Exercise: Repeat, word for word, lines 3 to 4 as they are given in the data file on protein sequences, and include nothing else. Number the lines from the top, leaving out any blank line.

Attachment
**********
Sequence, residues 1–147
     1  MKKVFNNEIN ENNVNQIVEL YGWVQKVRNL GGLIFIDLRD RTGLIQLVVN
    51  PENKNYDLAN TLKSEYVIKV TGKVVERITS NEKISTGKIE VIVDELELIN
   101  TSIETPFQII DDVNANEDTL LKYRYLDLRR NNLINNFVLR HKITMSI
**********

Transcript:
    51  PENKNYDLAN TLKSEYVIKV TGKVVERITS NEKISTGKIE VIVDELELIN
   101  TSIETPFQII DDVNANEDTL LKYRYLDLRR NNLINNFVLR HKITMSI